Though the shock value of the narrative contributed heavily, the context of American culture in the mid 1950s and a particular incident prior to Lolita’s publication fanned the flame of interest in Humbert Humbert’s story. In America, psychoanalysis was at the height of its popularity and Freud’s teachings were seen as therapeutic gospel, particularly his theories of personality and dream analysis. Nabokov, however, had an infamous distaste for Freudian psychology and uses Humbert Humbert as a proxy to mock the legitimacy of psychoanalysis. For instance, Humbert describes abstract and symbolic dreams that would have any psychoanalyst frothing at the mouth:
Sometimes I attempt to kill in my dreams. But do you know what happens? For instance, I hold a gun. For instance I aim at a bland, quietly interested enemy. Oh, I press the trigger all right, but one bullet after another feebly drops on the floor from the sheepish muzzle. In those dreams, my only thought is to conceal the fiasco from my foe, who is slowly growing annoyed. (Nabokov 47)
Considering the marital troubles of Humbert Humbert at the time of this dream, the allusion to impotence provides an easy medical explanation for the factors that precipitate the eventual rape of Dolores Haze. Though the use and mockery of a wildly popular medical practice enlarged the popularity of Nabokov’s book, the tragedy of Sally Horner had the issue of pedophilia on everybody’s mind (Celt). The actual story of the kidnapping of a pubescent girl for similarly nefarious purposes and her eventual death is directly referenced when Humbert states, “Had I done to Dolly [Dolores], perhaps, what Frank Lasalle, a fifty-year-old mechanic, had done to eleven-year-old Sally Horner in 1948?” (Nabokov 289). Though most were probably too afraid to broach the subject, the tragedy of the Sally Horner story primed the subconscious of the public for the discussion invigorated by Lolita. The frequent jokes about the absurdity of Freudian psychology paired with the obvious parallels to the story of Sally Horner brought together two widely known subjects together in a beautifully packaged story, which propelled Lolita to the top of the list of important and influential works of American Literature.
Though the brilliant narratives certainly contributed, the incorporation and critique of then-current culture throughout Farewell, My Lovely, Invisible Man, and Lolita solidified the significance of these works in American culture. The inner workings of Philip Marlowe, Ellison’s narrator, and Humbert Humbert not only brought new perspectives to the forefront of the American mind but did so in innovative ways. Philip Marlowe’s quippy inner monologue enthralled readers throughout the story on his perilous journey to track down murderers, jewel thieves, and corrupt politicians near the glitzy city of Los Angeles. The grit of Marlowe’s adventures as a private detective both on screen and paper remain appealing due to Chandler’s iconic characters and natural narrative style. The narrative style of Ralph Ellison’s Invisible Man introduced a previously unheard voice of interest to the American public with a surreal and nonlinear narrative. In a black man’s world of disillusionment in the South and the North, the subjects of racism and communism in the face of McCarthy and segregation were finally addressed. By discussing these taboos through an unnamed narrator, Ellison constructed a story in which the blatant cynicism of the novel is intimately applicable to the audience. Though the narrator could not be just any reader, the unresolved identity of the narrator meant they could be anyone, anywhere in America. For readers of Lolita, the beautifully constructed plea for the soul of a pedophile at first seduces then baffles and disgusts as the actions of Humbert Humbert grow more grotesque. The taboo content of Lolita fascinated not only the medical community but the general public, which was primed and ready for this discussion after Sally Horner. Not only were the narratives of these three novels well crafted, but their immediate cultural relevance accelerated the diffusion of these novels to the average American. Once popularized, their astounding quality forced evolution within the genres of American detective novels, African American literature, and American “romances.” Due to the intimacy intrinsic to the narrative style, Farewell, My Lovely, Invisible Man, and Lolita have remained popular as their enduring critiques of American society remain relevant and applicable to every reader to this day.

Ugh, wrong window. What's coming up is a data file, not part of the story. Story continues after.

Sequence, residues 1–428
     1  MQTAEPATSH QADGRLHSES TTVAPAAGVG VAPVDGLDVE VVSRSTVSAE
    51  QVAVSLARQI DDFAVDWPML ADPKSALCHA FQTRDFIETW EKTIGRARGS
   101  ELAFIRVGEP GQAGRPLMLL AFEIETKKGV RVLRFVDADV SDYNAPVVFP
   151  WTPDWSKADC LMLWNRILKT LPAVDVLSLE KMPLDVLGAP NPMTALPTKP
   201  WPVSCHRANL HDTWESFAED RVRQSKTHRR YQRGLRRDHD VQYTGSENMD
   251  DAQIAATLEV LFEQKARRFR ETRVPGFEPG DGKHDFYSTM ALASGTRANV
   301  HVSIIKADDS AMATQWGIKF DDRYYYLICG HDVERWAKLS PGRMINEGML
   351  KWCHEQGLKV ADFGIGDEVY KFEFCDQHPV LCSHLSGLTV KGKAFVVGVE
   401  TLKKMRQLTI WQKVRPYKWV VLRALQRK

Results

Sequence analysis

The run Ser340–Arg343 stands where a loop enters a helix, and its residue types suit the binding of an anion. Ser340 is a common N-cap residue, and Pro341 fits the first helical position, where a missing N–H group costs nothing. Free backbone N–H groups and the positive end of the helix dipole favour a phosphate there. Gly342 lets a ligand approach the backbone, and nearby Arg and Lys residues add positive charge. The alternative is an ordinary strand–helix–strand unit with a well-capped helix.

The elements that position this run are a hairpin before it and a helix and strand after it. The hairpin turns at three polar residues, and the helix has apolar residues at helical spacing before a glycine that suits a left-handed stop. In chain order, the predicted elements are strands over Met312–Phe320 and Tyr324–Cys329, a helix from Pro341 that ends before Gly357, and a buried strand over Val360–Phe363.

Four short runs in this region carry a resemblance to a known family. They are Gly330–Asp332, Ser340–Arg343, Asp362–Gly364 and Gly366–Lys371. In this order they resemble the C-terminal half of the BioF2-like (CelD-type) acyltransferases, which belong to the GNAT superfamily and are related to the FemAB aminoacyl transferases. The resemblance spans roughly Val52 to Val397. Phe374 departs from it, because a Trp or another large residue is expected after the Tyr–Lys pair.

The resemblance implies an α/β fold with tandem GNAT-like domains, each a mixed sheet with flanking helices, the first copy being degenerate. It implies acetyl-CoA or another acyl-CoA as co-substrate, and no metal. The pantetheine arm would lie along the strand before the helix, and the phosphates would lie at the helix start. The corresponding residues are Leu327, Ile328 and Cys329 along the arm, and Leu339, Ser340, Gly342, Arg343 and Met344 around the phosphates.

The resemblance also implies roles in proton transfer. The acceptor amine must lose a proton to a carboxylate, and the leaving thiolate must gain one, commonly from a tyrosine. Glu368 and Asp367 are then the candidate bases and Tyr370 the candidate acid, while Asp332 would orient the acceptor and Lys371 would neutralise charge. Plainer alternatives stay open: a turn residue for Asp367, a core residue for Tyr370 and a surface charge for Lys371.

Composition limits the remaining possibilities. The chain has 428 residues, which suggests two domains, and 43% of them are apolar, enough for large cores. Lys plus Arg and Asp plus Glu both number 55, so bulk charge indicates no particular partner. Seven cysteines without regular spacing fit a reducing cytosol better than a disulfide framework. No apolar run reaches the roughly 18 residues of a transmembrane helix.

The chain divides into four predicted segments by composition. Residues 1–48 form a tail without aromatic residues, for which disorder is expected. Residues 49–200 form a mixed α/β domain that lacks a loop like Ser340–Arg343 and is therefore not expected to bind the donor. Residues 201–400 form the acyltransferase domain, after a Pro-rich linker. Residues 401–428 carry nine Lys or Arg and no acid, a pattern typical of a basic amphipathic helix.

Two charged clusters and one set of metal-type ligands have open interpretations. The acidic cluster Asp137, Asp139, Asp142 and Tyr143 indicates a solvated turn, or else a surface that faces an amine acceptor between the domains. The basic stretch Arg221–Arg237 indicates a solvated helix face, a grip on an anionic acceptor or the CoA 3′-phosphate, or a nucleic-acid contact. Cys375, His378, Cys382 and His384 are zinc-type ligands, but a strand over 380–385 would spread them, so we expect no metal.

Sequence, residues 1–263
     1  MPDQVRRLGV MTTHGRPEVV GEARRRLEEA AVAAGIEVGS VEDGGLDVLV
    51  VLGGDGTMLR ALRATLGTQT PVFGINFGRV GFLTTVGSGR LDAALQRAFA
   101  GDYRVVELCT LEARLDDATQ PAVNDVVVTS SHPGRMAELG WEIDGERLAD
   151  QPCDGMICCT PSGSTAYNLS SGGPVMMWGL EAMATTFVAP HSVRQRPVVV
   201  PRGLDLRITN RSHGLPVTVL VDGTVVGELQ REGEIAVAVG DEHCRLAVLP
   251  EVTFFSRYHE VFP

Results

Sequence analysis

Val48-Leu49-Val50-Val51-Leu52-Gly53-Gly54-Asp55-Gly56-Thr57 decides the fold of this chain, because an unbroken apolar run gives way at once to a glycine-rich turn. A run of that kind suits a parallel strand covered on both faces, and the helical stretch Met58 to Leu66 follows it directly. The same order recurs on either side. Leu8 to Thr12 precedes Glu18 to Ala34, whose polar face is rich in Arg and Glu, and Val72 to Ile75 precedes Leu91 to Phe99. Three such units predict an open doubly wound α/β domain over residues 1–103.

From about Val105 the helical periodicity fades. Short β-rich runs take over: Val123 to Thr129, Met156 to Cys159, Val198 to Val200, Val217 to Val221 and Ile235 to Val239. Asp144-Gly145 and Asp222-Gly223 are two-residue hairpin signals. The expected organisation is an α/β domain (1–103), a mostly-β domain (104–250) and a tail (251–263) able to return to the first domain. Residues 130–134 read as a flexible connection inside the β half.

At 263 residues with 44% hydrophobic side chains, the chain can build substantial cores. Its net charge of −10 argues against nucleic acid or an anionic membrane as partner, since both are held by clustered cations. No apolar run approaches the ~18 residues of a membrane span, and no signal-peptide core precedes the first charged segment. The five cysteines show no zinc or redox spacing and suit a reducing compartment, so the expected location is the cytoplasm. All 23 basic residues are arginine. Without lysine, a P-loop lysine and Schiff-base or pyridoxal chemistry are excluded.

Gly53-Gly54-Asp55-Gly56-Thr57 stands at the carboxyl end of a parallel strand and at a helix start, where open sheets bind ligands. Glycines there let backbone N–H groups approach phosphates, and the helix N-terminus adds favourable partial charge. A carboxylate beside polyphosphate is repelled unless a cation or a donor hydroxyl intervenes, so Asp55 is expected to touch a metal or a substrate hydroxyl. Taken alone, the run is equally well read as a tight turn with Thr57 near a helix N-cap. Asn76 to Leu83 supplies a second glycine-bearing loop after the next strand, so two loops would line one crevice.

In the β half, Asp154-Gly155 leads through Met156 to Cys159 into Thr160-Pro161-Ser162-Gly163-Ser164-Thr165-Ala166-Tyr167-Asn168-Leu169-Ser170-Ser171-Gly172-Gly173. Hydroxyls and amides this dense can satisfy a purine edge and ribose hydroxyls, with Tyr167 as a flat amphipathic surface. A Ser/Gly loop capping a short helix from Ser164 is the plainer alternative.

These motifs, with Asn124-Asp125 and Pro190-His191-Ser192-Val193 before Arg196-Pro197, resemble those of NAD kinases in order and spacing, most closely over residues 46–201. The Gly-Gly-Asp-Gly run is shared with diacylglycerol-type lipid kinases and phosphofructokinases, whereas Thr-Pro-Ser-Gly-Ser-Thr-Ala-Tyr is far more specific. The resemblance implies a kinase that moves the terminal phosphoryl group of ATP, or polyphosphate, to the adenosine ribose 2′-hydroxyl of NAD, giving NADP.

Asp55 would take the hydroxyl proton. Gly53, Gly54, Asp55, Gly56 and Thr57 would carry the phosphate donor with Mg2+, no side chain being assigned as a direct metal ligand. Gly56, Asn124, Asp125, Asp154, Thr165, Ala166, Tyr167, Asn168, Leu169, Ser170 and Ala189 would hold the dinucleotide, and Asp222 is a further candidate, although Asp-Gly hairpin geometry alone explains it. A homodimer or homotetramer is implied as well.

Celt, Adrienne. “The True Story of the Real Lolita.” Electric Literature, Conversations, 14 Mar. 2019, electricliterature.com/the-true-story-of-the-real-lolita/. Accessed 11 Apr. 2019.
Chandler, Raymond. Farewell, My Lovely: A Novel. Vintage Crime/Black Lizard, 2002.
Ellison, Ralph. Invisible Man. Vintage, 2010.
Nabokov, Vladimir. Lolita. Vintage, 2010.